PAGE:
“Hochsauerland Sport” is a store located near the youth hostel where you can rent equipment, such as skis, snowboards and even sledges. To be on the safe side, you should also use a ski helmet. Skis cost 15 euros a day. If you need a “refresher” or introduction to skiing, you can sign up for a ski course at the ski rental store.
Around lunch time, you can take a break and get a bite to eat in the ski village before heading down the slopes again. But don’t worry, you don’t have to trudge up the mountain – you can let yourself be pulled up with the tow lift.
Night sledging and Après-ski
When darkness falls, it’s time to change your gear. Between 6:30 pm and 9:30 pm, you can zip down the illuminated natural sledding run on a sledge. This will cost you another 11.50 euros. The sledding run in the ski village is the only one of its kind in the Sauerland region. The 500-m run takes you along two long curves down forest trails. They also have an extra lift that will take you and your sledge back up to the top.
If you still have energy to spare after that, there are après-ski parties in the ski village, for example, at the “Lawine” located along the route to the youth hostel. By the way, people always wear their ski suits to après-ski, so you don’t have to dress up nicely before you go. At the end of the day, you’ll probably be dead-tired when you go to bed.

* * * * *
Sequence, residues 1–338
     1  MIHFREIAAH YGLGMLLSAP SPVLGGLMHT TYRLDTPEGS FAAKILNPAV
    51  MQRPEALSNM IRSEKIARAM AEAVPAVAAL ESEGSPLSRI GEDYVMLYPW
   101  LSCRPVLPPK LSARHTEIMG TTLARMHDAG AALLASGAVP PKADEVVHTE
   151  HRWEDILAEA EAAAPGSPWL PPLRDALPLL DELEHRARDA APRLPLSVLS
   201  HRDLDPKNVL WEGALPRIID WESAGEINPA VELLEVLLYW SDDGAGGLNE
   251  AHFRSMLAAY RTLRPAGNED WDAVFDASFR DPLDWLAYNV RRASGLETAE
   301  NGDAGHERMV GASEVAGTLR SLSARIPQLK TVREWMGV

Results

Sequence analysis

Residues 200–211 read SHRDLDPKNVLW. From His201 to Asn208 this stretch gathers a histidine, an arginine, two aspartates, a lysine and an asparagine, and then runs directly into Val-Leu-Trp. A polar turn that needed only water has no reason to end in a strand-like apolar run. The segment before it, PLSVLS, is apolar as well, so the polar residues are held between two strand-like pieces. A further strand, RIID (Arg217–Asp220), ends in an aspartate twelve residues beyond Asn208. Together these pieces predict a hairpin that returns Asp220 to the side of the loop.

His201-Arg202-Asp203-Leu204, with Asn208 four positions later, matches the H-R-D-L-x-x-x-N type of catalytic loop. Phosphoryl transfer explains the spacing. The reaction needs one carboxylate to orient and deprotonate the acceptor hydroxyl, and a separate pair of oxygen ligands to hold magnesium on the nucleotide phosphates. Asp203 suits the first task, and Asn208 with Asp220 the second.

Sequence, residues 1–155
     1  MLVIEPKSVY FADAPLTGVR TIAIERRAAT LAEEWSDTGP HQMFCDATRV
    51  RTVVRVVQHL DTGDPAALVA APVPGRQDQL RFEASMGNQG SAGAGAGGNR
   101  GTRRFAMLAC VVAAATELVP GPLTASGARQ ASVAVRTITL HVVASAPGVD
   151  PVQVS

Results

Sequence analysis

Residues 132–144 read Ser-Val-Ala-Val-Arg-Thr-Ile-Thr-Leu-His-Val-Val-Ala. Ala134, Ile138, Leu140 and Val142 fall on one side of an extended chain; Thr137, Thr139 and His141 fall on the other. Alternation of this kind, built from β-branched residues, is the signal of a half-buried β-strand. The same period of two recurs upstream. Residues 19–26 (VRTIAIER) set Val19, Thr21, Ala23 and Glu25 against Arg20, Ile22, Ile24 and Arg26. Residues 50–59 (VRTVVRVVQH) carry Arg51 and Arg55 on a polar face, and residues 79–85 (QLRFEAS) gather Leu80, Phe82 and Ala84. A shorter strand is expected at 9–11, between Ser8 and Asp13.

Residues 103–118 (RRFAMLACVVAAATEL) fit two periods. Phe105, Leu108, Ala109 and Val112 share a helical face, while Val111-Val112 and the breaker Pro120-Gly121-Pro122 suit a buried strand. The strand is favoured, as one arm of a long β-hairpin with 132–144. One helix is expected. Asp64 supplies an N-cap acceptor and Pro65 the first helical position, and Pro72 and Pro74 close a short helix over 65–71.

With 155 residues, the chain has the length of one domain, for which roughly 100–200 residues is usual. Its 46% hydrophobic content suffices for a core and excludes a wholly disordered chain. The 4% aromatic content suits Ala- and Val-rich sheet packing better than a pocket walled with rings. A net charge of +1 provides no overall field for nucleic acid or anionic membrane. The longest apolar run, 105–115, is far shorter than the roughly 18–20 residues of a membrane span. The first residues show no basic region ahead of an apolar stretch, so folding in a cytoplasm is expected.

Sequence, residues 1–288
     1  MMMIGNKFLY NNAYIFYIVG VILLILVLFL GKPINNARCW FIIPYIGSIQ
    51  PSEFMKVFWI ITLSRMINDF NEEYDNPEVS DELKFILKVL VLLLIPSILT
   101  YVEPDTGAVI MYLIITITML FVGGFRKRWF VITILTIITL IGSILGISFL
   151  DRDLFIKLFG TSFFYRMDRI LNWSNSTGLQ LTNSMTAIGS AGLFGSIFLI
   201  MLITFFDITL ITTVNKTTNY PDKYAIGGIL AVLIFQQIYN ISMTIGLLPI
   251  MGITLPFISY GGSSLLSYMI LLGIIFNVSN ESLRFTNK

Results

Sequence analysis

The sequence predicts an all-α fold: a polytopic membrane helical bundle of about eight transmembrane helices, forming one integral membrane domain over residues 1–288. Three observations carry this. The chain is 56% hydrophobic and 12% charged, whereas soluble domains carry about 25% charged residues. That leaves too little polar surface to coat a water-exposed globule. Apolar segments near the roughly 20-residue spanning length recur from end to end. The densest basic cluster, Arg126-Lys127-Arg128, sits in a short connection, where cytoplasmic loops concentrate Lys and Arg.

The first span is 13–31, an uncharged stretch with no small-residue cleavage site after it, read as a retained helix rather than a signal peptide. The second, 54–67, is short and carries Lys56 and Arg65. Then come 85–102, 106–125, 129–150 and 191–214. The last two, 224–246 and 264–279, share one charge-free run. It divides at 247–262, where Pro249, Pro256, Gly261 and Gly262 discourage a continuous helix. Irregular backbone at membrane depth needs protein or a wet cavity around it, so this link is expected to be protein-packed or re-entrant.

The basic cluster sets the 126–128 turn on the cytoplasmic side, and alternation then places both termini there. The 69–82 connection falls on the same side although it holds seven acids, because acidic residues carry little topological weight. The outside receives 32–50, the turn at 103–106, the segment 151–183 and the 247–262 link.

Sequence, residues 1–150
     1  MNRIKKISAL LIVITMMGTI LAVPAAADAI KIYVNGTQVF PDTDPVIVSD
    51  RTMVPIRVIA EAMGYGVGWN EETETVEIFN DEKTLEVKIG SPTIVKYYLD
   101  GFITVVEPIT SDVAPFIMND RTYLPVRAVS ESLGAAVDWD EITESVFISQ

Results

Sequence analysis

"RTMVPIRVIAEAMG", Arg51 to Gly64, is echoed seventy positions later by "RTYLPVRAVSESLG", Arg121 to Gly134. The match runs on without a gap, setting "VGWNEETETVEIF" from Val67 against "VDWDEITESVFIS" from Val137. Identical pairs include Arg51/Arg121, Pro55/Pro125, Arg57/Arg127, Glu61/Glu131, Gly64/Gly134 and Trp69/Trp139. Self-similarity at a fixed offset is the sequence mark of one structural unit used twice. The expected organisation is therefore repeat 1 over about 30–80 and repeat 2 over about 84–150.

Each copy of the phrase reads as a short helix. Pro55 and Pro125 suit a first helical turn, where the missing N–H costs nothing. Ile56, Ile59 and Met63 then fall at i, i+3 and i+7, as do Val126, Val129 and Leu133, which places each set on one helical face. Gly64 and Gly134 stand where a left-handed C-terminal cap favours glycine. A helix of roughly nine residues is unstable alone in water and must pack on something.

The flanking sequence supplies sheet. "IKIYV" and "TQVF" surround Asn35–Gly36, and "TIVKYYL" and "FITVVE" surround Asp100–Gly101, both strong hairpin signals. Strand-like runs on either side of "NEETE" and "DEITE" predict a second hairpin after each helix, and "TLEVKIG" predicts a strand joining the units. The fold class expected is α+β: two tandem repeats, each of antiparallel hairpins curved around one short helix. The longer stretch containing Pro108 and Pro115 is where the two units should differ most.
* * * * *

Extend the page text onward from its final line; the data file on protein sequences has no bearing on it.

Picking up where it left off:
Saturday – Day 2 – Sightseeing
After that hard day in Winterberg, the next day promises to be more relaxing. The first item on the agenda is to visit the SalzGrotte. You can get there from the youth hostel by taking the bus R28 or the SkiBus toward Winterberg/Bahnhof (on Saturdays, you might have to wait more than a half an hour for the R28). Get off at Winterberg/Pforte and take the bus R48 toward Düdinghausen/Kirche. Disembark at the stop “Elkeringhausen/Am Knittenberg”. From there the SalzGrotte is just a few metres down the road on your left. The grotto looks like a natural cave, but it’s actually manmade. The walls and floor are completely made of salt. Since they ask you to take off your shoes, make sure to bring along some thick socks. But don’t worry about getting cold feet because they keep the grotto at a cosy 20 °C. Inside the grotto, you can lie on a deck chair, listen to relaxing music and inhale the salty mist – which is supposedly very healthy. The visit costs 8.50 euros and lasts 45 minutes. To avoid unnecessary waiting, you can make an appointment by e-mail or phone in advance.